United States of America, Plaintiff-appellee, v. Gary Van Wyhe, Defendant-appellant, 965 F.2d 528 (7th Cir. 1992)Annotate this Case
Argued Feb. 26, 1992. Decided June 22, 1992. As Amended June 24, 1992
Kaarina Salovaara, Office of the U.S. Atty., Crim. Div., argued and Barry R. Elden, Asst. U.S. Atty., Office of the U.S. Atty., Crim. Receiving, Appellate Div., Chicago, Ill., for plaintiff-appellee.
James F. Sullivan, Chicago, Ill., argued, for defendant-appellant.
Before FLAUM and KANNE, Circuit Judges, and SHABAZ, District Judge.*
KANNE, Circuit Judge.
This appeal revolves around the testimony of an indicted co-conspirator and convicted felon, the appellant's bird collection and the government's transgression in closing argument. But first a review of the facts.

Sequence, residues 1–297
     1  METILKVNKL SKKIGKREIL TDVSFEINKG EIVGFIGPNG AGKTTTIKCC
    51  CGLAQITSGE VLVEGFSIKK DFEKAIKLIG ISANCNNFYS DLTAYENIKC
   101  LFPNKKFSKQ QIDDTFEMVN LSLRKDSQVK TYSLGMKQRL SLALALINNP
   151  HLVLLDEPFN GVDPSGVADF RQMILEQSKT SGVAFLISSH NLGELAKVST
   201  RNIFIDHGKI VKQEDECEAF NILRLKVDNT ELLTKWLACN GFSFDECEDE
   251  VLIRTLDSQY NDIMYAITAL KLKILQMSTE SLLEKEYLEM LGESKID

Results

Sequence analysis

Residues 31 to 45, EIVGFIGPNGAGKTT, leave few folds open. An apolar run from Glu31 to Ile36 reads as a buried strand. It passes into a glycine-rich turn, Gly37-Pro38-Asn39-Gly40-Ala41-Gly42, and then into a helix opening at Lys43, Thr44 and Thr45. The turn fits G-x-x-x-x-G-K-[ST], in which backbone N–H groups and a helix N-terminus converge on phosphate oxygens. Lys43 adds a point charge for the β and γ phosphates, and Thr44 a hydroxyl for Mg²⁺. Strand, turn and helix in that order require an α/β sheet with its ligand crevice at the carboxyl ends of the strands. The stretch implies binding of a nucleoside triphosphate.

In May 1990, Keith Larimer, a convicted felon who had agreed to cooperate with the government in its investigation of drug dealers, was instructed to contact Michael Donegan, a co-defendant of appellant Gary Van Wyhe, about purchasing a kilogram of cocaine. Larimer and Donegan had several conversations about the purchase from May through July 1990, some of which were tape-recorded. Larimer told Donegan that he and a partner had enough money to buy the cocaine. On one occasion, Larimer accompanied Donegan to a bar to meet Donegan's supplier. Donegan and his supplier discussed the deal alone, and Larimer was not introduced to the man. Donegan subsequently told Larimer that he would have to wait for the cocaine, that the price of the kilogram would be $33,000 and that an additional $2,000 should be paid to him.